The standoff between supporters of Yemen’s president Saleh and protesters seeking his removal has now erupted into street battles.
Voice of America is reporting that “Dozens of people have been killed in the fighting that followed Saleh’s rejection Sunday of a deal to step down.” The proposed peaceful transition deal was brokered by the Gulf Cooperation Council of Arab States.
President Obama said Wednesday, “we call on President Saleh to move immediately on his commitment to transfer power.” The coming days will either lead to peace or will spiral into civil war. Besides reinforcing the call for peace, there is a way we can help Yemen.
This is by urging a more effective and responsible plan for aiding and developing the country. As Obama said in London today, “The Yemeni people call for greater opportunity and prosperity.”
None of this will take place without the basics of food, medicine, shelter, and education that are so severely lacking in the poorest country in the Middle East. First must come interim aid to fill gaps in these areas. Then you have to coordinate a longer-term plan so the country can become self-sufficient.
Yet the UN World Food Programme, UNICEF, and other aid agencies are constantly facing funding shortages. This leaves Yemen always digging out of a hole. There are piecemeal donations from donor governments, but nothing significant enough to set in motion lasting change.
Entire programs like Food for Education have been in shut-down mode for over a year now. Plans to help families cope with high food prices remain short on funding. What about the high infant malnutrition rate in Yemen and its deadly consequences?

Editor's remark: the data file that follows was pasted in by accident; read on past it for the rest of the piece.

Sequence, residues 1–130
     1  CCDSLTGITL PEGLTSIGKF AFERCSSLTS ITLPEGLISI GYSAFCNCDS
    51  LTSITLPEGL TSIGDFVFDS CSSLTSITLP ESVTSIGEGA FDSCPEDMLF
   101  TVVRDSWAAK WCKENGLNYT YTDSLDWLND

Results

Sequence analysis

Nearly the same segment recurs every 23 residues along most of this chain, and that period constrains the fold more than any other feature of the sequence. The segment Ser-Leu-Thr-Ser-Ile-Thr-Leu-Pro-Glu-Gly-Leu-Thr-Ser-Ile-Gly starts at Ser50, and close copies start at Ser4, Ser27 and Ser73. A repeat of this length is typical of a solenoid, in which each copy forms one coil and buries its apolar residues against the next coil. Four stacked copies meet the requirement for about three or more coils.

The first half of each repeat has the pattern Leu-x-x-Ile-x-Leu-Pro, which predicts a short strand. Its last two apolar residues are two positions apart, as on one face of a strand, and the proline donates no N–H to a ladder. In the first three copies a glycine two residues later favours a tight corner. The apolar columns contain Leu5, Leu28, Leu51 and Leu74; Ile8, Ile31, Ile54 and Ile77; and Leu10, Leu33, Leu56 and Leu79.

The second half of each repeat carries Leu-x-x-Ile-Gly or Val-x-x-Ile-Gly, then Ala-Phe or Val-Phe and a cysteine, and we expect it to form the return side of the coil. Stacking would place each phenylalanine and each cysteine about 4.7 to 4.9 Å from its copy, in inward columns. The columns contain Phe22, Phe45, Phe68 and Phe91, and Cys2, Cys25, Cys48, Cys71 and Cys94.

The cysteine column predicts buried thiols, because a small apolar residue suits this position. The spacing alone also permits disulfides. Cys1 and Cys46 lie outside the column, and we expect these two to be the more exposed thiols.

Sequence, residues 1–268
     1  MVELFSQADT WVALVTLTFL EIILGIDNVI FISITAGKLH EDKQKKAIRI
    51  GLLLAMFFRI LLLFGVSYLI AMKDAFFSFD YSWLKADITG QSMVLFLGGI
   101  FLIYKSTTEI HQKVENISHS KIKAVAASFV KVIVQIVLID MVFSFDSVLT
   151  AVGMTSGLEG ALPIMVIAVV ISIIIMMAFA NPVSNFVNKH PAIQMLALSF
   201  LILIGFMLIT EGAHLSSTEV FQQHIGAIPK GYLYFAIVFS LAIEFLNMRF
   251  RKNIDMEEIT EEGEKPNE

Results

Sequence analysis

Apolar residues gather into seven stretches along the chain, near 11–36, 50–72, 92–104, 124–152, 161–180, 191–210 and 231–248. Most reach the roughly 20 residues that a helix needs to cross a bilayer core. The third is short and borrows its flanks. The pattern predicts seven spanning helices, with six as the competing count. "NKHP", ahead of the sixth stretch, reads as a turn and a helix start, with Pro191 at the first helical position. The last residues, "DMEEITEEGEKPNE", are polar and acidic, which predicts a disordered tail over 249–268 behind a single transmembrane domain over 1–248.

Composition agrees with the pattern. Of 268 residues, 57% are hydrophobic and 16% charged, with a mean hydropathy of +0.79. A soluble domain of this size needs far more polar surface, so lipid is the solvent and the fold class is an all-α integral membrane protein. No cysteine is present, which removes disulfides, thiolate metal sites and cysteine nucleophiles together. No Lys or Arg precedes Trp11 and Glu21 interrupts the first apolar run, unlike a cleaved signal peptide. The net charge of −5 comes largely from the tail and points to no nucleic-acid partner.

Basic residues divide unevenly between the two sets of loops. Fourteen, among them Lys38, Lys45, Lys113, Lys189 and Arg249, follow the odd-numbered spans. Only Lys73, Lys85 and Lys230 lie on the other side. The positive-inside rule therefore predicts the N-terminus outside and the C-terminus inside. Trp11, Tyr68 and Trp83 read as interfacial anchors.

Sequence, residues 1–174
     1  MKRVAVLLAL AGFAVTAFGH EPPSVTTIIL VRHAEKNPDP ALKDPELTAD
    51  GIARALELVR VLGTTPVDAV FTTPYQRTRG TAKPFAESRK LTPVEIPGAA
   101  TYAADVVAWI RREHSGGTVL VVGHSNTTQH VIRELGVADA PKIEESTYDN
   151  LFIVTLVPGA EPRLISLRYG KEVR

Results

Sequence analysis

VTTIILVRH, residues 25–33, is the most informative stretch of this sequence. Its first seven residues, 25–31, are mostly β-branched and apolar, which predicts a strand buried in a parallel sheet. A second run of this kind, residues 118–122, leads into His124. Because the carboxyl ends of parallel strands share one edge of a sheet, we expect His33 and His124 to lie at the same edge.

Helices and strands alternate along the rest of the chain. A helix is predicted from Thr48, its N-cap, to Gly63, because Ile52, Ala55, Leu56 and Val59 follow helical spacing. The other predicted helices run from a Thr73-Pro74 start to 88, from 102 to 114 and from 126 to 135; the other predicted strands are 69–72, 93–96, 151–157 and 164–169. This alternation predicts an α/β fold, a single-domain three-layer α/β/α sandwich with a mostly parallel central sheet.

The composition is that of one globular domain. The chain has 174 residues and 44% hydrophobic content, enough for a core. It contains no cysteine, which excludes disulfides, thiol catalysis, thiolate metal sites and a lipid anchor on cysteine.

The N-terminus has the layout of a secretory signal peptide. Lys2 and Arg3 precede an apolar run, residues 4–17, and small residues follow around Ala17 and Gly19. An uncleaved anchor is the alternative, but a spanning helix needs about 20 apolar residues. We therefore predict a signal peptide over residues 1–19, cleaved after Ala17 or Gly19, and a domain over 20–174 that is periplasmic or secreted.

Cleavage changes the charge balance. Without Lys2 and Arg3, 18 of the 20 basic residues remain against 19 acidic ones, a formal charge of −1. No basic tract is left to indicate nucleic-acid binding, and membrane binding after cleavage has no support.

Let’s hope with all our might that this political unrest gets resolved peacefully and soon. But let’s also do more than that.
Support the basics in Yemen. Fund the relief programs by aid agencies. Devise a plan that provides long-term solutions to the crushing poverty in the country. Ensure lasting peace in Northern Yemen which has seen years of conflict between the government and rebels.
Nadia A. Al-Sakkaf, editor of the Yemen Times, wrote me last month about the women’s conference. She said, “It was amazing how simple yet crucial our demands were and I felt sad that we [struggle] so much to simply get our basic rights such as education and health care.”
Keep your thoughts with the people in Yemen during this crisis. Geert Cappelaere, head of UNICEF Yemen, told me this morning, “just the thought that people are out there and very much with us makes…a difference.”
But also do some planning so a true peace emerges in Yemen from all of this. That will only come if the needs of the people are met. And it starts with the basic necessities.